PUTTNAM: No. It’s … the word I’m having a problem with is your use of the world “inevitability”. I don’t think there’s any inevitability about this at all. I think the great sadness for me … particularly in respect to the United States … and I say this to some one … I think I’ve made this very clear in the book … America to me was the land of wonder. I knew I lived in a difficult country … a country … through a difficult time in the fifties and sixties in Britain … particularly the fifties. And America was the answer, appeared to be the answer … to have the answers. It appeared to have a set of values, it appeared to be about something and going somewhere. So I’m very disappointed in the United States. One of the reasons I’m disappointed is I don’t think any decisions in the last twenty years have been made as to what type of society this really wants to be. It’s been dozens of speeches made, every single time there’s an election, whoever the President’s elect or the would-be Presidents are, will make almost exactly the same speech about the type of nation they wish to lead. But when it really comes to it, I don’t think this country’s fully decided what it wants to be and it’s a schizophrenic country. And I believe, personally, that that particular form of schizophrenia is very, very damaging. I still believe in this country. And I still it can get to its roots and to what it’s really about. It could be an extraordinary moral force.
HEFFNER: But let’s take movies. When you describe in this book, to a farethewell, the beginnings of this industry …
HEFFNER: … don’t say profession … of this industry, the point is that it was initially and is and remains an industry and when you talk in those terms, I can’t find in your book any documentation for the notion that it began as a revelation of what could be done with this new art form. It began, as you say yourself, with a group of men who knew how to merchandize and produce product that they could sell. And there never was any other motivation. When you refer to the films that created your values or that helped mold you … you’re talking about exceptions, aren’t you to a rule that you describe as dominating this industry from the word “go”.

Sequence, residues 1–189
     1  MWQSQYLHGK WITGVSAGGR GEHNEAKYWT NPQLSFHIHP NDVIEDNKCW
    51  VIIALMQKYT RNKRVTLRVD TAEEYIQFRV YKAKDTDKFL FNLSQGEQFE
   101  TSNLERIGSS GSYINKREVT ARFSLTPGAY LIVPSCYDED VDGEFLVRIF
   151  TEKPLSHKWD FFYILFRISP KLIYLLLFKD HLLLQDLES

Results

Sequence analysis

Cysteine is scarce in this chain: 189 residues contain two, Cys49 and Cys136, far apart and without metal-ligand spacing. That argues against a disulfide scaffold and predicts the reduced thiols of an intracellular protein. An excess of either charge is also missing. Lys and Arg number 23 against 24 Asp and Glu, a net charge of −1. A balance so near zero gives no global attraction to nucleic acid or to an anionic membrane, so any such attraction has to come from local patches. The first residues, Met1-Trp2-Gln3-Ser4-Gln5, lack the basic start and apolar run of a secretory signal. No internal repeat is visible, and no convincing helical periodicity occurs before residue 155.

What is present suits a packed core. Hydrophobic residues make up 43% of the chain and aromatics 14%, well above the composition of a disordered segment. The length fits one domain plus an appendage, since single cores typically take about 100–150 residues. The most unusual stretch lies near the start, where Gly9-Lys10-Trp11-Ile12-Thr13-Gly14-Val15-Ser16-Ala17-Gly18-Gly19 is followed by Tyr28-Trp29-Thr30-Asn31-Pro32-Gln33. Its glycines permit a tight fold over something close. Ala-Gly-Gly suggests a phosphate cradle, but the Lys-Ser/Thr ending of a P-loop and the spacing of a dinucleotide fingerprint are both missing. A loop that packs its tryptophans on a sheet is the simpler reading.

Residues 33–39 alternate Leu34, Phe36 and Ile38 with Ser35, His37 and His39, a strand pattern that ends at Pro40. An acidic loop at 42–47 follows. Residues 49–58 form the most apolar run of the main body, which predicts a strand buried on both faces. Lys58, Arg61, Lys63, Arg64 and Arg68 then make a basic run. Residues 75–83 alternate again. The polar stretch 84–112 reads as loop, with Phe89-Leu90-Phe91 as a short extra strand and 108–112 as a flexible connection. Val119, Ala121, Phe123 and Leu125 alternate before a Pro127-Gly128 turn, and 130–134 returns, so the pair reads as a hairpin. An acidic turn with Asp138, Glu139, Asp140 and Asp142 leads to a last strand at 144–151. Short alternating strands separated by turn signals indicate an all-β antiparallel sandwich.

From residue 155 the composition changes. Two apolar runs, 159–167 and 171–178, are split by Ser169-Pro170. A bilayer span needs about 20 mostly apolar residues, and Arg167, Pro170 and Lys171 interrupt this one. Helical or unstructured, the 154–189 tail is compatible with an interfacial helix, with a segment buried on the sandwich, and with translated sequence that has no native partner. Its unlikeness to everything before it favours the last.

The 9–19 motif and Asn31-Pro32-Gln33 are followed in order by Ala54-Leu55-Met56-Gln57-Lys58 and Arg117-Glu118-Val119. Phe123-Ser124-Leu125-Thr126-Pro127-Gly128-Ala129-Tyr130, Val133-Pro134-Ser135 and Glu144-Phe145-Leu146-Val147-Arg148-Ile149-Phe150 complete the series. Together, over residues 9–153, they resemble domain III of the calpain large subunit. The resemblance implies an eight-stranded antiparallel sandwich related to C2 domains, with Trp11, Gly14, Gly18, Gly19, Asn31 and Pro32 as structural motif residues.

PUTTNAM: Well, let’s say … first of all they didn’t feel like exceptions. Because I was an avid cinema goer, I went two, sometimes even three times a week. And whilst there were exceptional films, you know, the happiest days of your life … absolutely exceptional films, “Here to Eternity”, “Inherit The Wind”, which had an extraordinarily powerful impact on me as a movie. Whilst I suppose they were exceptions intellectually or in terms of their intelligence, the tone, and I use this word “moral” with a very small “m” … the tone … and the moral tone of the films was not dissimilar. In the end they were about good overcoming evil. And not always in a silly way. Sometimes an extremely complicated way. And I’ve read a great deal about the, the conversations that took place around … and you know much more about this than me … decisions about how “Public Enemy” would end. Well, “Public Enemy” is a very, very exciting, beautifully made gangster movie. But no one ever had any doubt that the end had to be him riddled with bullets in the gutter. I don’t think there was ever a serious suggestion that it would be an acceptable ending if he was off to Miami with his trunk … with a car trunk full of money and two very attractive girls at his side. That debate never occurred. You knew that “Public Enemy” had to end with a guy in a gutter apologizing to his mother, as it were.
HEFFNER: Do you think … well … not as it were … he was.
PUTTNAM: I mean in reality.